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"Acceptable Use Policies (AUPs): A user-oriented perspective." L. Mackie. D. McMenemy. Department of Computer and Information Sciences, University of Strathclyde. 2016. Download PDF (BibTeX) ILS

In order to address the gap in the literature concerning Acceptable Use Policies (AUPs), this research examines the user perspective of AUPs in order to assess their awareness and opinions about the policies in place for the public access computers in UK public libraries. This was done by conducting an online survey about Acceptable Use Policies with UK residents who were recruited through UK-based forums and social media. A representative sample of 22 AUPs from public library authorities in the UK was also studied in order to analyse how libraries are presenting their policies to the user.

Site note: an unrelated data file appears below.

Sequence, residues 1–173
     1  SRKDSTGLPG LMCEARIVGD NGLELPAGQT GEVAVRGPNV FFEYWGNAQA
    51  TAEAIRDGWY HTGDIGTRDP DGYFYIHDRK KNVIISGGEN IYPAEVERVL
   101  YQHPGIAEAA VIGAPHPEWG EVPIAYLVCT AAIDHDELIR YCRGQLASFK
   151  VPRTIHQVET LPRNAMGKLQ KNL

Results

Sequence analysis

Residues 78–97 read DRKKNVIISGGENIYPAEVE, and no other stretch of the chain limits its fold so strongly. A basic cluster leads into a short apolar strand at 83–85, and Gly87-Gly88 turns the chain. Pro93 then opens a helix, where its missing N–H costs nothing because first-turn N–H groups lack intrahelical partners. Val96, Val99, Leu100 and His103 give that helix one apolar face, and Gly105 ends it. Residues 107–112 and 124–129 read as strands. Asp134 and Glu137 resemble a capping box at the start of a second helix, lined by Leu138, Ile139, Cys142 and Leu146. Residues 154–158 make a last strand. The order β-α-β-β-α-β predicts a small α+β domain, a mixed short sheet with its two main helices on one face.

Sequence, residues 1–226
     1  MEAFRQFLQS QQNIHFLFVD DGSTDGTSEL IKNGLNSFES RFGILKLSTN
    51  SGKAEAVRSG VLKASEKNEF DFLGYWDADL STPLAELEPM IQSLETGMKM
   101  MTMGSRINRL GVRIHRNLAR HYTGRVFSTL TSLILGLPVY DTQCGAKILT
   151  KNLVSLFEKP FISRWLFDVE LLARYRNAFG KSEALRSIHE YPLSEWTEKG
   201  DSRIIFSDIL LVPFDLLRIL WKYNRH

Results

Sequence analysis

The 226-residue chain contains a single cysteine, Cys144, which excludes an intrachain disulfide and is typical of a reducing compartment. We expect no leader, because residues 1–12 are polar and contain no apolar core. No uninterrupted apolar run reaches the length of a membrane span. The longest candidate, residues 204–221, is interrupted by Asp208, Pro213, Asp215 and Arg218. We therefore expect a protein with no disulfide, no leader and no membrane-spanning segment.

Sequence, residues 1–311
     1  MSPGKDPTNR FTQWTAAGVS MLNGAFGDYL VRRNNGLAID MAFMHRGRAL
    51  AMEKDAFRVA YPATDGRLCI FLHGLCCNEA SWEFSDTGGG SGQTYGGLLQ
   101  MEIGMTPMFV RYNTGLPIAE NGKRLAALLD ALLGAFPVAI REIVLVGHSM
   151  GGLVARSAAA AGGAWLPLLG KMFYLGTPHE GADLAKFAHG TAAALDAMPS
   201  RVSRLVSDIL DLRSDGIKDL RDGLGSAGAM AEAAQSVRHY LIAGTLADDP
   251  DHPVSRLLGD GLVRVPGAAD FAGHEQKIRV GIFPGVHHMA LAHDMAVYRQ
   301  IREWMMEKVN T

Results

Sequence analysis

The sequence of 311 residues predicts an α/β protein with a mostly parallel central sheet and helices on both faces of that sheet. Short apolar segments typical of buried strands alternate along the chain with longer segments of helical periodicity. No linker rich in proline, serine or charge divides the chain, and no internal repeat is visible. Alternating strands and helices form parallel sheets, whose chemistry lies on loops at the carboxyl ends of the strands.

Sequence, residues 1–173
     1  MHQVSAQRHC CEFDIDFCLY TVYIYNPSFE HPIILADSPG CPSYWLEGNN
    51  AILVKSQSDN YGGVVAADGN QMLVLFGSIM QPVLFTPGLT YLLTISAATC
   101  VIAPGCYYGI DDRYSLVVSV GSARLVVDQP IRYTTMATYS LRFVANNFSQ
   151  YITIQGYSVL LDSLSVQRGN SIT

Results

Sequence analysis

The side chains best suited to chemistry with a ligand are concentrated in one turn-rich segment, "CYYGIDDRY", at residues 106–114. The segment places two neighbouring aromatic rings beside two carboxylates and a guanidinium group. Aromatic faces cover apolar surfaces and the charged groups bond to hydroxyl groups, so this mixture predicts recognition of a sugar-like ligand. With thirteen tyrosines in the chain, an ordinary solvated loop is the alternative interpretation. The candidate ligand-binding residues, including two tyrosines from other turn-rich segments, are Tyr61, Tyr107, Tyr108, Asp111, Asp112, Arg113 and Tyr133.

The aim of the research is to assess how much the British public know about the policies which they agree to when they use a public access computer in the library, and to discover what they believe should be included in an AUP. This study will also consider what could be done to increase the likelihood of a user reading the AUP and assess how well the chosen sample of AUPs makes itself accessible and readable for the user. The discussion examines what the implications of the survey results and the AUP analysis means for both users and libraries.

It was discovered that terms and conditions such as an Acceptable Use policy were rarely read by the UK residents who were surveyed. In some cases this was due to a belief that they already know what was contained within the document, while in others it was related to the readability, presentation and length of the document. The analysis of the AUPs themselves confirmed that the AUPs have not been written in a way that allows a user of any level of literacy to read and understand them, and variations in length and formatting between the documents means that users are not presented with a consistent library policy which they can learn and apply.